Monday, December 16, 2013

Behavior in the Speech Room

                            Affiliate links are included at the end of this post. 
There are times when even Speech Kids get a little unruly!  Here is my "tried & true" way to keep them on task:
At the beginning of every year (regardless of how long he/she has been in speech), I review my procedures, which are posted in my room.  You can see them in the top right corner of this picture:
At my other school, I have them sitting on a round decorative table right by the door. 

 The procedures are simple:  Check book, sit down, complete activity, get sticker, walk quietly back to class.  I have a picture beside each procedure as well.
During the session, I have "Super Job Slips".  I got these when I first started working (in the dark ages!); they were part of a book that featured Willard the Worm:  Pick a Peck of Lessons (Kathy Shurley).    The book has open-ended games (some of which I still have) that included some seasonal games.  Anyway, the slips have an apple with a worm coming out of it (that would be Willard!) and the words "Super Job" on them.  Each kid is given 5 slips.  I'll give them 1 verbal warning so that they will know the behavior that is not appropriate (talking when it's someone else's turn, not sitting in his seat, etc.).  The next time the behavior occurs, I don't say anything, I only take a slip away.  They have to have 1 slip left to get a sticker on their sticker chart.  (I use the sticker charts from Super Duper's Year 'Round Lifesavers & Timesavers.)  
When the student gets a row filled up with stickers, he is rewarded with a trip to the prize box.  The student can earn an extra sticker if he brings back his speech homework with a parent's signature.  When I first started using this reward system, I let them pick a piece of candy, but then the schools started getting away from giving out candy, so I switched to a prize box.  (That's probably a good thing, because I would end up eating the candy the kids didn't like!)  In recent years, I would rotate the rows between prizes and fruit snacks, but, since I have to buy those out of my own pocket, I've switched to just the prize box.   At the beginning of the year, I use some of my money to buy prizes from Super Duper.  
If a student should happen to get a "sad face", they don't get to go to the prize box when the row is completed...they have to wait until another row is completely filled with stickers.  I have very rare occasions where a student will get 2 sad faces in a row.  If that happens, I put the sad face in the next row.  It sounds kind of harsh, but it works.  I have very few students who ever get more than 1 sad face, and, after they get that 1st sad face, they never get another one!  There are ways to get an "automatic sad face":  laughing at other speech students, arguing with me, and not following hallway procedures (walking quietly back to class).  Again, this very rarely happens, and I often will warn the student before I give them a sad face.  I forgot to mention:  if a child gets down to just 1 slip, I will point it out to them and tell them to be very careful.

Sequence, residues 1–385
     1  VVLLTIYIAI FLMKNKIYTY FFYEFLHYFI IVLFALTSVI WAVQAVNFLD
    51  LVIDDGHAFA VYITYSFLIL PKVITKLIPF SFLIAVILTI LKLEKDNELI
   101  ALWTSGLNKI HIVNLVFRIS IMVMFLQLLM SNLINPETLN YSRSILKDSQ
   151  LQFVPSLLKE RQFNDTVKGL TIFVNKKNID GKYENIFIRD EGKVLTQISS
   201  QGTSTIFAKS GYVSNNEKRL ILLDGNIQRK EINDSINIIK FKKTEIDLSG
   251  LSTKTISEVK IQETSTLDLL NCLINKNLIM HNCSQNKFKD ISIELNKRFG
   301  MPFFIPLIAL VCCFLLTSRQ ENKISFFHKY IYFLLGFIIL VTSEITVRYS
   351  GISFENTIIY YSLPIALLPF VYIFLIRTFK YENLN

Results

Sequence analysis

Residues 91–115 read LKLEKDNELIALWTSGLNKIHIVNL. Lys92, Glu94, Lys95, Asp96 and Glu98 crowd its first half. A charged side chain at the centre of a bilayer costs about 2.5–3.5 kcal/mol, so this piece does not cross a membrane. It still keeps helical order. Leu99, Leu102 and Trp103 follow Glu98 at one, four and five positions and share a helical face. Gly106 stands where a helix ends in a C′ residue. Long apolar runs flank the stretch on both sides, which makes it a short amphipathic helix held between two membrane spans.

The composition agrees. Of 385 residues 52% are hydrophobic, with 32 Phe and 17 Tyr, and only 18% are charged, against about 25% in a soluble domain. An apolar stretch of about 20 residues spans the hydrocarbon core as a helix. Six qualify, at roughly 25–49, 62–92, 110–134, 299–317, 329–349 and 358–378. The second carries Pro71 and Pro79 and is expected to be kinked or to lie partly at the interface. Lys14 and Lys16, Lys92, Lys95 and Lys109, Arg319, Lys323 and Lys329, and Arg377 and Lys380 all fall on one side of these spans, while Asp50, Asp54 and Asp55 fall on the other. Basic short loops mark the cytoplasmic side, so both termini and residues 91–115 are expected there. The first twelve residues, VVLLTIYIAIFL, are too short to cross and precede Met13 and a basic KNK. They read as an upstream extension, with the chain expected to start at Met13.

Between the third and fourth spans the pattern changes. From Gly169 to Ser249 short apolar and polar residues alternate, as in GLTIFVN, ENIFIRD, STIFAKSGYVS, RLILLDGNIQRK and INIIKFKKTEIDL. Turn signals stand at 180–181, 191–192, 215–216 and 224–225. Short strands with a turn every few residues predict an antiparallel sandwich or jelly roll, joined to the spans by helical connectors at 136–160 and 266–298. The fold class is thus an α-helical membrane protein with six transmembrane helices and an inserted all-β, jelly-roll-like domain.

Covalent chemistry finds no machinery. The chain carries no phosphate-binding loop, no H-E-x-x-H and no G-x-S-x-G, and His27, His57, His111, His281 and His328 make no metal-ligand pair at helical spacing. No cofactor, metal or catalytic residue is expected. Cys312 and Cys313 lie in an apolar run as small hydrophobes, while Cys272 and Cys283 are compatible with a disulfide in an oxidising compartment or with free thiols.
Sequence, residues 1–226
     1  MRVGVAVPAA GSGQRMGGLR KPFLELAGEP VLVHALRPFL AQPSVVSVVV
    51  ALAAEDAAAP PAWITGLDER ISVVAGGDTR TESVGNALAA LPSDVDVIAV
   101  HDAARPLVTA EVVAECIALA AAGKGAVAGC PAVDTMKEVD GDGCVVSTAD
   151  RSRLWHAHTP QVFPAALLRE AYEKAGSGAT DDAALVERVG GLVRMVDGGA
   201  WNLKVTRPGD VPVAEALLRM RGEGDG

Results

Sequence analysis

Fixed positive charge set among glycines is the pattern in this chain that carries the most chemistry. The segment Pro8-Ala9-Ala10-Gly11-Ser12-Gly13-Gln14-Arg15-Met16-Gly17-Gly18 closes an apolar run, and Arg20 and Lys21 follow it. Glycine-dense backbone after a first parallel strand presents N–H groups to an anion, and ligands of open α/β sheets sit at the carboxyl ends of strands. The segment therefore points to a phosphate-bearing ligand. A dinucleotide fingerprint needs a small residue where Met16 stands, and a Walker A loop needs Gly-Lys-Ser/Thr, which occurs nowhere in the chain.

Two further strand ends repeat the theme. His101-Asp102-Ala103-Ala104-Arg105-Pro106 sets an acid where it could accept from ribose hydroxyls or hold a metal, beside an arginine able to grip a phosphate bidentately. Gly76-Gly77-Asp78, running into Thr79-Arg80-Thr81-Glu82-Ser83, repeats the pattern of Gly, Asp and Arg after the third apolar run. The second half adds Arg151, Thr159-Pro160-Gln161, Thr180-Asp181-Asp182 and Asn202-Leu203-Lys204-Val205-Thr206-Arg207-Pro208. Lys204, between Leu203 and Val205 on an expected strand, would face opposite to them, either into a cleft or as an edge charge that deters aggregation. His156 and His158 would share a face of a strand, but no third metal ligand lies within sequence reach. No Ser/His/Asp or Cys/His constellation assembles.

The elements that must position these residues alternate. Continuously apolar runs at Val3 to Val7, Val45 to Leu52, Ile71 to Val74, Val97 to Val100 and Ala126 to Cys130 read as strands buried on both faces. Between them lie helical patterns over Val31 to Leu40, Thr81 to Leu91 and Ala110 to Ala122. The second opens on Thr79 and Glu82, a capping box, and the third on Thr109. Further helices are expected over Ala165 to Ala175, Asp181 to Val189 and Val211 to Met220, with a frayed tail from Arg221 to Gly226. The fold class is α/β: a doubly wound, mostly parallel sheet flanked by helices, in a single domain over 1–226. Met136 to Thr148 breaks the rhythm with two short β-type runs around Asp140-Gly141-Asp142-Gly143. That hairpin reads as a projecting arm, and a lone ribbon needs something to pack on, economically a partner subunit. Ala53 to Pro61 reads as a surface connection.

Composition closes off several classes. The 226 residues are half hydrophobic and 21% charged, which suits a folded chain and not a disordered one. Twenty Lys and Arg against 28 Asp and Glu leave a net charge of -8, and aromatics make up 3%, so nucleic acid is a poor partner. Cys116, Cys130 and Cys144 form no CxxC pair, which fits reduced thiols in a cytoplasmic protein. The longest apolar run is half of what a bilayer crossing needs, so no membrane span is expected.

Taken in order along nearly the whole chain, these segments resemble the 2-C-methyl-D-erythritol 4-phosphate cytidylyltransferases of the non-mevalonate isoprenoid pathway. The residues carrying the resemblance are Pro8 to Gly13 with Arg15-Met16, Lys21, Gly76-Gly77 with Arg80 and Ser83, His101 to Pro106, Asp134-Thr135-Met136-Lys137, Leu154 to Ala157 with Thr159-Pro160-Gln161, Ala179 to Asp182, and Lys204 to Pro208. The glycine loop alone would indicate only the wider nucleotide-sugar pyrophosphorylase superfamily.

I usually only have to use the Super Job slips for the first few sessions, then I don't have to put them out once the student understands behavior expectations.  In fact, the other day I asked one group if I needed to get out the Super Job Slips, and they said, "no" rather emphatically!  Their behavior was perfect the rest of the session.
I give my groups time to get out all of their extra talking (telling me about their weekend or their plans) on the walk from their room to the speech room.  By the time we get to my room, they're ready to focus on speech, and we can dedicate "most" of the 30 minutes on speech.
I'm trying something a little different with my 4th graders this year.  I thought the sticker charts were a little babyish for them, and I ran across these on TpT:
It's the same concept as the Sticker Chart, except once the dollars go in, they don't come out until they've earned the number of dollars that I set.  If the student is seen individually, she has to have $6.  If there are 2 kids in the group, they have to have $12; 3 kids- $18.  They put the dollars into a cup:  I found some plastic cups at the Target Dollar Spot and decorated them with Washi tape.  Once they earn the specified amount, they decide as a group whether they want to go to the prize box or have some iPad time.  Surprisingly, most of them choose the prize box.
I do have some fruit snacks on hand...for my walk-in preschoolers.  I make sure I have at least a couple of activities per session so they will stay busy.  That cuts down on a lot of behavior issues!
That's my behavior system in a nutshell.  How does this compare to what you do?


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